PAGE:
By now you’ve probably seen this TIME Magazine cover of the woman breastfeeding a child who looks about four (turns out he’s 3).
It’s caused quite a sensation, in part because half this country thinks breastfeeding is disgusting (especially when the child is old enough to request seconds) and the other half thinks the first half is stupid.
As you know, I am solidly in the pro-breastfeeding camp. I, of all people, should have no problem with the media showing images of women breastfeeding. In fact, several years ago I was photographed breastfeeding my daughter for a story in the San Francisco Chronicle. Here’s the proof.
But the TIME photo struck me as simply obnoxious. The cover is such a blatant attempt to pit women against each other. There’s the photo, which is designed to provoke the squeamish (note the defiant stance, and the age of the child). But what really puts it over the top is the aggressive headline. (“Are You Mom Enough?)
Personally, I’m disgusted with the cover, not because of what it says about breastfeeding, but because of what it says about the editors. Really? You people have nothing better to do than try to start another food fight over breastfeeding? (Pun intended.)
I’ve been too irritated to write about it. Then yesterday I saw that MomsRising put out a very reasoned response, so I’d like to share an excerpt here:
What makes TIME’s decision to focus on fanning the flames of the fictional “mommy wars” so utterly shameful is the fact that there are so many real and pressing issues facing America’s mothers right now that aren’t being covered. Issues like the fact that childcare costs more than college in many states, that 80% of low wage workers don’t have a single earned sick day, that women (particularly moms) face rampant pay discrimination, and that over 176 countries have some form of paid family leave, but the U.S. doesn’t. [1, 2, 3, 4]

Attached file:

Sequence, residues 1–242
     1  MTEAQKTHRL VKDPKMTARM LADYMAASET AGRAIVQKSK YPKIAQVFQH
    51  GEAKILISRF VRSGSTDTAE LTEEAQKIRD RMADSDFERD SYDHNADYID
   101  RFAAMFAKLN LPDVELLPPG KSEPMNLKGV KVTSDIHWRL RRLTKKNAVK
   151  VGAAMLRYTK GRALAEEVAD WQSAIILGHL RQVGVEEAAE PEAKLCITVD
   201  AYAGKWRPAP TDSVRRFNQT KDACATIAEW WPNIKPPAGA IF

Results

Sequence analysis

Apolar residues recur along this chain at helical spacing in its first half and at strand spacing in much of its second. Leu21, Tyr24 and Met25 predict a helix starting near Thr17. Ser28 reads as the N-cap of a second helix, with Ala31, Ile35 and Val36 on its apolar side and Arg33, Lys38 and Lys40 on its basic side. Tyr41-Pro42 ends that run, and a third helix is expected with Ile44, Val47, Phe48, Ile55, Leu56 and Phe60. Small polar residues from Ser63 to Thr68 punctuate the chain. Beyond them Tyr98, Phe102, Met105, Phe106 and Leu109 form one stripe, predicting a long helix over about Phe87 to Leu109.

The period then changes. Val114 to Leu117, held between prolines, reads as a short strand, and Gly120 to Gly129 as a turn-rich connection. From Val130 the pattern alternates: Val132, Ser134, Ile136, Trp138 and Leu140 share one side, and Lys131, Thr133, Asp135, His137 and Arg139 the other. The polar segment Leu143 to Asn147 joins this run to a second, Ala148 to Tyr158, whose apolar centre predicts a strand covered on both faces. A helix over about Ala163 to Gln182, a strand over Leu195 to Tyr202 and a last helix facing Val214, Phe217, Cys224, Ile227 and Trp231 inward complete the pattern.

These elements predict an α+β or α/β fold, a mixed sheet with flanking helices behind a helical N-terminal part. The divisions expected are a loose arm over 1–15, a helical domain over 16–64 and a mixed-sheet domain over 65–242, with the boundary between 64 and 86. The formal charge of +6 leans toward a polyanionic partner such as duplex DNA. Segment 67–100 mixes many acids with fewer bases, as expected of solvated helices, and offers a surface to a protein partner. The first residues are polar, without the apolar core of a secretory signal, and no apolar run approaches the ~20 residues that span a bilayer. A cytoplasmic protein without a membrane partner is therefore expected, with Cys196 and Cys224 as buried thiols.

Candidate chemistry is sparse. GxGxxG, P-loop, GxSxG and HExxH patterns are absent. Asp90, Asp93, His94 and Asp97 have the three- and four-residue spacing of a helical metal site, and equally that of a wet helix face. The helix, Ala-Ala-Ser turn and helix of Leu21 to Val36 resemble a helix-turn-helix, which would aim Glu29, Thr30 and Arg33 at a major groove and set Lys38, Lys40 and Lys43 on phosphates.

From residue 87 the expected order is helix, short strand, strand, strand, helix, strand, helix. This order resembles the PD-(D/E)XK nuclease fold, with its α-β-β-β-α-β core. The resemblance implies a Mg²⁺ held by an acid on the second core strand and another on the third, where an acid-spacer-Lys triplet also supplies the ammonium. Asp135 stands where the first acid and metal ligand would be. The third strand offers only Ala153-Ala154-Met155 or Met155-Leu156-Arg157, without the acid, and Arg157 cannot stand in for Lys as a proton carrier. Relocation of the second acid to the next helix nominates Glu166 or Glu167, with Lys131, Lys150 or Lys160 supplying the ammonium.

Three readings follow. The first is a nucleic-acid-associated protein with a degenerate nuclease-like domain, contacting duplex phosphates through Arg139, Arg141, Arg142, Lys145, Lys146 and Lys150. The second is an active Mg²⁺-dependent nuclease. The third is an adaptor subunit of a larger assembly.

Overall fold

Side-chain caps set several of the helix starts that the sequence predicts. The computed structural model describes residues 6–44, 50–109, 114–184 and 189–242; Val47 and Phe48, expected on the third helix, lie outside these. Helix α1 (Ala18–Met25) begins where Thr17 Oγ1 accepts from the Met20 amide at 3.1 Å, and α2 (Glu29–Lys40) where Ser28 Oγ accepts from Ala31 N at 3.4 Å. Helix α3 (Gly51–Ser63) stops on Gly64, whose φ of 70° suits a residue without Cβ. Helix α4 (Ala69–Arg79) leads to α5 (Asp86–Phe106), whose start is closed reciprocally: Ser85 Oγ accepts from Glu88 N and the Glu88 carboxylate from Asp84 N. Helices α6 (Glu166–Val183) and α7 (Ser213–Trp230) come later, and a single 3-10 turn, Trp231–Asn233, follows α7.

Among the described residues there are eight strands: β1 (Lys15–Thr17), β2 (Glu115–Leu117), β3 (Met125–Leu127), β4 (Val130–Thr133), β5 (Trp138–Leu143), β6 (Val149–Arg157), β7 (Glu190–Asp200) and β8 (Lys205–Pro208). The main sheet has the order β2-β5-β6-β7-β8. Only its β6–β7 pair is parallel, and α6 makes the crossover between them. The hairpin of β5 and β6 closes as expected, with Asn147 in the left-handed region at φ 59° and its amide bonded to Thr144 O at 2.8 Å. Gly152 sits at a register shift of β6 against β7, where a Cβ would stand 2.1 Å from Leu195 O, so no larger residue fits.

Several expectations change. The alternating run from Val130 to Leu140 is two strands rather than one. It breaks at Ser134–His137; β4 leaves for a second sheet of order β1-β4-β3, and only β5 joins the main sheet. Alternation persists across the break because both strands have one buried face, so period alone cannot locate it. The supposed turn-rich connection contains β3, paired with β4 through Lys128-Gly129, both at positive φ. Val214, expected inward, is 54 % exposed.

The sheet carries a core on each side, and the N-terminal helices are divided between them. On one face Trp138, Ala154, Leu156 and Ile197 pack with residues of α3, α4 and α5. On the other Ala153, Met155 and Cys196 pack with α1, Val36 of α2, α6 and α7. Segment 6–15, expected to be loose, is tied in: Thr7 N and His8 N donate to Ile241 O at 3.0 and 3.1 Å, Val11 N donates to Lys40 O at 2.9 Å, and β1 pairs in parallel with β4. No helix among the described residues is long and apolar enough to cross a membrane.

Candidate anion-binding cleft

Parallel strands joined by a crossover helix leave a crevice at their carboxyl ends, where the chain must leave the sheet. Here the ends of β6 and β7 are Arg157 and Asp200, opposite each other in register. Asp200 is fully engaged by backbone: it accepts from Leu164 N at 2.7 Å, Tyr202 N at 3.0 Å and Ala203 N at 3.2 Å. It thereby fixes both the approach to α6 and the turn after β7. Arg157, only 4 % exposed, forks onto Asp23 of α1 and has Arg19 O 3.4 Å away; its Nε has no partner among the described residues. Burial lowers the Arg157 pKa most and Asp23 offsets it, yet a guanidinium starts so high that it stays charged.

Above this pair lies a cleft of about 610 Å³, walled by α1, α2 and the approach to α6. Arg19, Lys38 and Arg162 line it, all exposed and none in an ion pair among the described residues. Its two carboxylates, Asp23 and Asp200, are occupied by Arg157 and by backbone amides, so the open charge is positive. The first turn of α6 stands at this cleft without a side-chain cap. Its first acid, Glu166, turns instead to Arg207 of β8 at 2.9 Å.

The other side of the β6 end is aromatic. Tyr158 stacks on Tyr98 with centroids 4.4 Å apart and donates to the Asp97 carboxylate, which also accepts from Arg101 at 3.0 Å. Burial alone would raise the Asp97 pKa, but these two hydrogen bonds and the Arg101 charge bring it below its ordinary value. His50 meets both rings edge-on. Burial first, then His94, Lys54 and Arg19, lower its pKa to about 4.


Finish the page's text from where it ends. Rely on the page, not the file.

The question isn’t whether we’re “mom enough,” but whether our culture is prepared to value mothers and families beyond just Mother’s Day. TIME, and other media outlets’ compulsion to frame parents’ collective stress in personal terms, not only misses the reality, but also throws us all off track in working toward common-sense, real, and permanent changes for all American families.
Do you agree? If so, sign this: Tell TIME to cover the real issues that matter to mothers, women, and families.
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I’m curious what you think of the photo on it’s own. If it weren’t for the headline, what would you think?
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Here’s one more thing the editors could cover: the health effects of stress on working parents. Have you noticed the results of this poll I put up several months ago? Go here: What are you on?
The good news: 55% of us do not take anxiety medication. The bad news: 32% of us do.
I’ve left the poll open so if you haven’t answered it yet, please do. I’m planning to write about the results soon.
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Sources from the MomsRising excerpt:
 ”Parents and The High Cost of Child Care: 2010 Update,” National Association of Child Care Resource and Referral Agencies.http://action.
 U.S. Department of Labor, Bureau of Labor Statistics (July, 2011). Employee Benefits in the United States: Selected paid leave benefits: Access, National Compensation Survey (Table 6). Retrieved 8 November 2011, from http://action.momsrising.org/